• Step in harnesses — A step in harness is one where the dog’s front legs (and sometimes head) must step through two holes at the front of the harness, which is then buckled around the body, usually with adjustable straps. This type of harness is common for Huskies for several reasons: it applies more even pressure that they should feel even through their thick coats when pulling, and it offers a little support for older dogs who may be experiencing joint issues like hip dysplasia.
  • Tactical harnesses — These harnesses are distinguished by their utility and their endurance, which makes them exactly the kind of harnesses Huskies were bred to wear while working. Since Huskies are prone to vision issues, this sort of full-control harness can be useful to help guide your aging pup if they are having trouble seeing where they’re going.
  • Hiking harnesses — Hiking is a great way to let energetic Huskies burn off some of their fuel with a good adventure, but even if you aren’t much of a hiker, these harnesses are sturdy, high quality, durable designs that will hold up to most any abuse a Husky can throw at it. They are usually made with some kind of reinforced Nylon and weather resistant buckles.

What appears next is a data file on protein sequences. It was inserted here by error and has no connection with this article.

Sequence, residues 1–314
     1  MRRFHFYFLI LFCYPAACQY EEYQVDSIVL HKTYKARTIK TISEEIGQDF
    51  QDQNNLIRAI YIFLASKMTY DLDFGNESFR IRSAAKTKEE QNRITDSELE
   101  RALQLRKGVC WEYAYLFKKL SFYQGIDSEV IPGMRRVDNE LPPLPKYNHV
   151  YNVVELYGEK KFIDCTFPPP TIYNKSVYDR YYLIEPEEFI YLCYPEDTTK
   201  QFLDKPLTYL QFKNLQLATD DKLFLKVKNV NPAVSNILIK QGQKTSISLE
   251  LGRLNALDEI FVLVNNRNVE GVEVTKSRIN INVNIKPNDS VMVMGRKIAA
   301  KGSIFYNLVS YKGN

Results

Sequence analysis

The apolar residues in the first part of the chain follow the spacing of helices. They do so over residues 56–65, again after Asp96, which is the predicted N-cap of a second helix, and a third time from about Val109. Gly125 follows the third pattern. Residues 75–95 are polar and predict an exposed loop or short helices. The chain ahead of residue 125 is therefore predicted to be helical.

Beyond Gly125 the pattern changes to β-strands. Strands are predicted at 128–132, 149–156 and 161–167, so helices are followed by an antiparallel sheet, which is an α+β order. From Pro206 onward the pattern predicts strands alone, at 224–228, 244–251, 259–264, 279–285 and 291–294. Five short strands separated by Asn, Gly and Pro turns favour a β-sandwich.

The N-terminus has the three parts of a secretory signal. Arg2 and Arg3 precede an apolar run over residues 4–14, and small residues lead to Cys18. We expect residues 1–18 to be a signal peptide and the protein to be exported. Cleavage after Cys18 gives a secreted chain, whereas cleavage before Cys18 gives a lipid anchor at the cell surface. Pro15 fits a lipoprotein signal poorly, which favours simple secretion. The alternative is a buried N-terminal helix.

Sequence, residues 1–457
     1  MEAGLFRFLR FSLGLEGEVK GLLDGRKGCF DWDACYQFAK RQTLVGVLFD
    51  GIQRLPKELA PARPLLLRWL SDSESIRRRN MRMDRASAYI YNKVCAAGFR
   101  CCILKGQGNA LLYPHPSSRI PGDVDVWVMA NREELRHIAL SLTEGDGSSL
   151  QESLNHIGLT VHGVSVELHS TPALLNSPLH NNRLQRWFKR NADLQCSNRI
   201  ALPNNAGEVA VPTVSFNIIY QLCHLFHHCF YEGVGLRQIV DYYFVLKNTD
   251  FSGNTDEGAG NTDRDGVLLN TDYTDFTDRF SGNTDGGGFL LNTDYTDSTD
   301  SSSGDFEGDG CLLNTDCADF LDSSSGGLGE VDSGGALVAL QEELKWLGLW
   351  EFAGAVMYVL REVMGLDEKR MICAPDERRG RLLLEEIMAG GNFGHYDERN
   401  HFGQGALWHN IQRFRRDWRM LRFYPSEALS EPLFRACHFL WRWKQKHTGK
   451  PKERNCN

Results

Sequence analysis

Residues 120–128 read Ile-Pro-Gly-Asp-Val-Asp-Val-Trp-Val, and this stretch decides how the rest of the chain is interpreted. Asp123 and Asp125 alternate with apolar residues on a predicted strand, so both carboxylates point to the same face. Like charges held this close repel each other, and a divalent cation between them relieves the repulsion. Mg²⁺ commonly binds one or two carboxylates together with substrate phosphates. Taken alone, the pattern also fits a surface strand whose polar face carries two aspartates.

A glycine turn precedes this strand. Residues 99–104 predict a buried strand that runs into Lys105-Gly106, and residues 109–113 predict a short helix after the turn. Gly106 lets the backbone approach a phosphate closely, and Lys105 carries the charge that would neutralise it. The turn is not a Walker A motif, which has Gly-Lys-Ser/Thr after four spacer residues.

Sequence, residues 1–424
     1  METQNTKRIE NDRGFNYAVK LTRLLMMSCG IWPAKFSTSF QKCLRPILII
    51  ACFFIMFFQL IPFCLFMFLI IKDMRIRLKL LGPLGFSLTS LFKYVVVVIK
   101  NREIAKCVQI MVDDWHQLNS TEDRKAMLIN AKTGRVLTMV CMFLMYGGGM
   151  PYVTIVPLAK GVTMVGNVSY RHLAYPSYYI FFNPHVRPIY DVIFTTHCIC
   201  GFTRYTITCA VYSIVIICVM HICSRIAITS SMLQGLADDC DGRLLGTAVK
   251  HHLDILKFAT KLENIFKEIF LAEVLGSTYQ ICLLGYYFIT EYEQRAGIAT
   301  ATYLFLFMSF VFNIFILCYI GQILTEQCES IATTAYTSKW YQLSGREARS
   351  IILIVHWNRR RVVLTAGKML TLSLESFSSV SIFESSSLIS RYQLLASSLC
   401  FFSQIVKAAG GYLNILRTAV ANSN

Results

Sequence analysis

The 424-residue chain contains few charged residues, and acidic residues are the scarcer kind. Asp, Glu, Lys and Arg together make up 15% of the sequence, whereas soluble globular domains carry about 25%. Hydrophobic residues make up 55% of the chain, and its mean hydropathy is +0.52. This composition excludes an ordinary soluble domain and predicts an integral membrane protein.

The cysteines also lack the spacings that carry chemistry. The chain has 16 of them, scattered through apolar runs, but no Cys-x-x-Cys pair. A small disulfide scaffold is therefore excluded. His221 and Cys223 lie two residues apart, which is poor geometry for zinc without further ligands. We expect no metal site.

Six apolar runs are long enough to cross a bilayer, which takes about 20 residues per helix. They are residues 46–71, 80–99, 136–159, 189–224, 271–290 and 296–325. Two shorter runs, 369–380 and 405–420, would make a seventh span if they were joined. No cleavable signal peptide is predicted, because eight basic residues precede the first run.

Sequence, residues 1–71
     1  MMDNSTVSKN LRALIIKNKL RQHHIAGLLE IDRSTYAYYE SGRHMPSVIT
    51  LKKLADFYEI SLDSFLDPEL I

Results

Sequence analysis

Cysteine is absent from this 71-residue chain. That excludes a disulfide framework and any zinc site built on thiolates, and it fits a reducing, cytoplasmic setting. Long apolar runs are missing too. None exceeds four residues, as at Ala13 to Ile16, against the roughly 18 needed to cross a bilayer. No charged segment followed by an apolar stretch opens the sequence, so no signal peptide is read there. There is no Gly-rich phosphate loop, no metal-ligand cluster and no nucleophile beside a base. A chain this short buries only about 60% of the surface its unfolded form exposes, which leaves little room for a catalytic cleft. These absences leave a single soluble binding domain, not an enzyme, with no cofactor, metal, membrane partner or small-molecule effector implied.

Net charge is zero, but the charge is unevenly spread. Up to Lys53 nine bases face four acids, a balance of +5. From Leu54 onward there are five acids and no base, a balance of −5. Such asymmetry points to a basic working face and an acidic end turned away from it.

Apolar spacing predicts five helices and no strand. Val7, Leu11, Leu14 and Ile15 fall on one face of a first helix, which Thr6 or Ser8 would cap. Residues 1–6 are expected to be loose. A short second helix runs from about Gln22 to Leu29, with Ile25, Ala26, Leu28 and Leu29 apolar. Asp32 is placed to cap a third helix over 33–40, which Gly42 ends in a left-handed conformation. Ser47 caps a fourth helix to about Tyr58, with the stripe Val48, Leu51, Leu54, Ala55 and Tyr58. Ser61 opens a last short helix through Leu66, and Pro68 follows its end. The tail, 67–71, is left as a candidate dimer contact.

• X-Back harnesses — This is the traditional “sled dog” harness that your Husky may feel most comfortable in. The design wraps around the shoulders and crosses in the back; the lead connects with the harness near the tail. To look at an X-Back harness, it may seem like it has an awful lot of straps. It serves dual purpose of distributing the pressure from whatever a sled dog is pulling, and ensuring that they can’t escape should they decide to try.

Different Husky Harness Materials

  • Nylon — A synthetic fabric with both a high amount of strength and a little bit of stretch, Nylon is the most popular harness material by far. It is usually soft enough that it won’t cause painful chafing, and it is highly versatile.
  • Mesh — Mesh is created with Nylon or Polyester most of the time, and helps to make chest, back, or belly patches on harnesses more breathable. Huskies’ thick coats mean that a properly ventilated harness is crucial during the warmer months of the year.